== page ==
Such different economic conditions have created quite different cultural manifestations. Instead of being defined by what they consume, the individuals of impoverished cultures and communities more appropriately define their lives through their relationships to other human beings; it is as much a function of philosophy as it is a necessity of survival. The notion of a happiness that can be bought and sold is incongruous in such a context. Surely, with the advent of modern communications, they hear the consumerist message, but with limited economic abilities to engage in the global consumerist market, it falls on deaf ears (although, many could well argue that even the message itself is corrupting).
In such cultures, happiness is not over the next hill and it is not a distant notion, if it were it would likely never materialize. The uncertainty and immediacy of life below the poverty line means that delayed gratification would more often than not translate into no gratification—a crippling element of disempowerment and under-development in the third-world. So in response, people live in cultures that values human connection, strong relationships, family bonds the likes of which are rarely seen in the West (in my experience at least). Happiness must be founded in these few reliable aspects of their life. It is their lifeline, their livelihood and the wellspring of all their triumphs and tribulations. And it doesn’t have a price-tag. As opposed to the hubris of Americans who ‘do it all on their own’ (more than likely, that is just as much of a personal illusion as their purchased happiness), such uncompromising individuality is not only unvalued but maladapted. Below the poverty line no one can survive on their own—it’s a lesson in reciprocity for our world to ignore at its peril.
So what the fuck am I really trying to say with all of this, that the West is a soul-less society of consuming robots while the developing world has unlocked the true secrets of happiness and perpetual enlightenment? No. There are unbelievable merits the Western cultures offer and likewise the developing world is full of struggle and immense sorrow. I apologize if I seemed to have characterized them too strongly either way, but I was trying to make a point, and my point is this: in a changing world with an unpredictable future we cannot continue to rely solely on such quantitative, economic measures as indicators and guidance for policy. To do so belies the true essence of human nature, creating societies of consumers instead of societies of human beings. We are so much more incredibly complex and dynamic than GDP and economic growth will ever encapsulate, and to reduce our political objectives to simply making these numbers go up year after year will not only prove ultimately unsustainable, but it will eventually dilute and dissolve the most essential elements of the human experience.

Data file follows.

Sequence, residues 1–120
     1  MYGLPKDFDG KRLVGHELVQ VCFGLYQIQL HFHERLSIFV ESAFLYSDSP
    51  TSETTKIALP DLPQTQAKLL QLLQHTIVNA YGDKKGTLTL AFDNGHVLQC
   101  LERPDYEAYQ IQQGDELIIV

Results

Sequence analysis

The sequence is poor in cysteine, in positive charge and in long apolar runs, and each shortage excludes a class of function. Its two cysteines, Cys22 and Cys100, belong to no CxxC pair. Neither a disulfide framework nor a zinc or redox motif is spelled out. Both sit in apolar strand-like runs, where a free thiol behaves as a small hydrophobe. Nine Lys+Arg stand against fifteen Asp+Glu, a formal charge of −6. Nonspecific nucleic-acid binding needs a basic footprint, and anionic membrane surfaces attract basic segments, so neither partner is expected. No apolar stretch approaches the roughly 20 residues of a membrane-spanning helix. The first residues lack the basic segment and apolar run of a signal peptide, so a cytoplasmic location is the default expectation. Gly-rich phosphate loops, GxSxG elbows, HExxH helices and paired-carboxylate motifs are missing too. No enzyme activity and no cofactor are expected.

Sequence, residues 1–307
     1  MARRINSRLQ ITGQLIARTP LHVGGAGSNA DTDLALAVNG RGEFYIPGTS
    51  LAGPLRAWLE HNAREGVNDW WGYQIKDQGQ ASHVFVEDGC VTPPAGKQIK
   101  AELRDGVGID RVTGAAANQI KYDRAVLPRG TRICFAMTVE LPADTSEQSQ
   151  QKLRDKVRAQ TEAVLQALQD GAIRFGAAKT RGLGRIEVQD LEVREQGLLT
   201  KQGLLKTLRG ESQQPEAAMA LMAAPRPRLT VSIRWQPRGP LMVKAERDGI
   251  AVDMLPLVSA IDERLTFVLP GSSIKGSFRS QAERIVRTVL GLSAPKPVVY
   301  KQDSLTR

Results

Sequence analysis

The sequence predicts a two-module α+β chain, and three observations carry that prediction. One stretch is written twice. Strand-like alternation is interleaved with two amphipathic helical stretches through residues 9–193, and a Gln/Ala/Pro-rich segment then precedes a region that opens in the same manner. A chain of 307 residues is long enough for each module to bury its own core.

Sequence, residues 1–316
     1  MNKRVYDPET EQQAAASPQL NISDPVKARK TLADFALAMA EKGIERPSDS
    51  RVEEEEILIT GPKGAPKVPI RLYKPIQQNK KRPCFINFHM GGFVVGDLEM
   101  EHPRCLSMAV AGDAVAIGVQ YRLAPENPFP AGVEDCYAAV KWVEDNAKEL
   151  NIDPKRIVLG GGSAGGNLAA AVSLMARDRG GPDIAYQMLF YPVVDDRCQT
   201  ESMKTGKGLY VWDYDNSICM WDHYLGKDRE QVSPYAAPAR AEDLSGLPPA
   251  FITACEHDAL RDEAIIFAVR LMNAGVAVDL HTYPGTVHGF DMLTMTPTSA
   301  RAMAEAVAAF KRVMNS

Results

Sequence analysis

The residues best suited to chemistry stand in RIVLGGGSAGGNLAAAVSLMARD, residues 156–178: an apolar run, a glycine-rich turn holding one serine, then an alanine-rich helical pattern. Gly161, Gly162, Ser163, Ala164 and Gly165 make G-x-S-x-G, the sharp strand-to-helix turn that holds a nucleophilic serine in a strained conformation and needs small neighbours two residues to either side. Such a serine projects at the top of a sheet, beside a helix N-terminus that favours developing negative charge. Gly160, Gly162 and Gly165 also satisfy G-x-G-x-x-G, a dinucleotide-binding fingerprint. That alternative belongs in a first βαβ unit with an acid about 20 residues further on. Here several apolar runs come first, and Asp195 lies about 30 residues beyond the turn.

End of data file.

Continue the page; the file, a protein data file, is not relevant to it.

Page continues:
Instead of a truncated and disconnected culture of individuals who only interact to conclude transactions, we should learn one of the many lessons that the developing world has to offer: above all, it is human relationships and contentment that lead to true happiness. At the same time, those people of the developing world deserve an equal share of the economic abundance that has been so unfairly distributed (or hoarded, or stolen) in the West. We should not abandon plans of development or economic growth, but begin to understand their limits and consider other ways of evaluating the true “development” of a society. A few suggestions include: 1) economic measures of wealth distribution (not just GDP per capita) with the variations on this theme along lines that consider minority populations and gender dimensions, 2) the World Happiness Index, 3) Indexes of civil liberties and social freedoms, 4) Human Security evaluations, 5) Quality of life surveys that evaluate disease, vulnerability, capacity of adaptation etc.
Don Zaccarias is out in the evening, sitting in his chair and sipping maté as always. I am about to go join him. Spending time with him is always a good lesson in being content. Here is a man born poor, raised poor, lived poor and who will one day die poor, but I couldn’t imagine someone more at peace with his life. Maybe it’s because his aspirations were always tempered by his economic disposition, maybe it’s because his lack of education limited his scope of the world and its possibilities; I am sure these are all true. But in the end, regardless, he is a happy man. He enjoys simple things and always has a smile to spare. In that sense at least, we should all be so lucky.